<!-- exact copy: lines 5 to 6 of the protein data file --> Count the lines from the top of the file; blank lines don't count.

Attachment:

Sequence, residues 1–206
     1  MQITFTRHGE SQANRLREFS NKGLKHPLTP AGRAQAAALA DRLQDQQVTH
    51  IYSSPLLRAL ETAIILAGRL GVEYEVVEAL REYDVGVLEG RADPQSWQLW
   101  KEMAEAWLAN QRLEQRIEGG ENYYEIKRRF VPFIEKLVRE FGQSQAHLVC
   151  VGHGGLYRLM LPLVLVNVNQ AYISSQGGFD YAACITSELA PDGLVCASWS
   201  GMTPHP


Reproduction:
   151  VGHGGLYRLM LPLVLVNVNQ AYISSQGGFD YAACITSELA PDGLVCASWS
   201  GMTPHP